It was a nightmare, in a full daylight, in a far South of African region, where it happened. A 25-year-old man allegedly raped a 12-year-old niece and, eventually, got her infected with the deadly HIV virus. According to TODAY news, the poor innocent girl was found with sores and rashes all over her private parts. When rushed to the nearby clinic by her grandmother, she was tested positive by the specialists. The most painful part of the fairy tale is that the heinous beast (the rapist) is sentenced merely to 16 years imprisonment. Of what pain will that inflict on him? In a little while, he’ll be free, but will the innocent 12-year-old victim ever be free from the pains and trauma of PTSD and HIV?
This is more of a drop in the ocean compared to millions of rape cases recorded virtually every day. Rape is the highest form of misogyny and degradation of the feminine gender. It is the act of violating female rights. This might sound strange but true: Rape crime is prevalent in Africa, worst in Africa’s most populous state, Nigeria. No less than 1 in 3 women and girls has been raped, at least once in their lifetime; more cases occur on a daily basis. In fact, it got to the point where a Nigerian daily becomes incomplete, a day, without reporting a rape case. The statistics can never be accurate enough because while we are talking of one, another happens.
The most troubling aspect of rape these days is that it is no longer the case of strangers raping a young girl in a lonely place or in the dark; rapists are now people of one’s household—boy-friends, uncles, teachers, nephews, cousins and the most unbelievable of all, fathers. Simply put, the person you call a friend or relative might be a potential rapist.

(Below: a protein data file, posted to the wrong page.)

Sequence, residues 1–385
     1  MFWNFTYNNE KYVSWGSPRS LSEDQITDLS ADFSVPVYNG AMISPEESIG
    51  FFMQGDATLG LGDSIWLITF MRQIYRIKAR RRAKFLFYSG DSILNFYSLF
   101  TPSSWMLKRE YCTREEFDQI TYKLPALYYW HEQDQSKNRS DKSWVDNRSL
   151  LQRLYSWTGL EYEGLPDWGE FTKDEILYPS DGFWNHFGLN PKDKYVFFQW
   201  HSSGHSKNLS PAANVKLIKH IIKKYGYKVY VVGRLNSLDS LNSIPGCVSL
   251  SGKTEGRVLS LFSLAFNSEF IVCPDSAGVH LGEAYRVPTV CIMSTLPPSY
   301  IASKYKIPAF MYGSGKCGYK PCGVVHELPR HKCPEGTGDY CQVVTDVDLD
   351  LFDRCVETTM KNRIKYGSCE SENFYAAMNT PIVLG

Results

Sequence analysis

Last week, The Punch reported a case of a 29-year-old virgin who was blatantly raped and dumped by a motorcyclist. This might sound weird, but it’s true. Similarly, here in Lagos, two friends ganged up, drugged and raped a female friend. After raping her, the duo made away with her money—the sum of N150, 000. This happened at Haile Selassie Hotel, Aguda.
In the same week, we learnt the case of a father who allegedly raped his teenage daughter and at the end, blame it on the ‘devil.’ The very same term common to every rapist, “it is the devil’s handiwork.”
We have also heard the case of a poor orphan, 13, who was raped, impregnated and consequently dropped out of school.
The cases of rape in Lagos alone are like the grains of sand—uncountable. 1 in 3 women and girls are raped on a daily basis—anyone can fall victim; in fact, It is no longer the case of strangers raping minors; the most common rapist today are close friends and relatives. Remember, the word rapist is not written on the forehead. Shine your eyes and report any signs of sexual assault. Rape is real.
By Beatrice Mokwunye.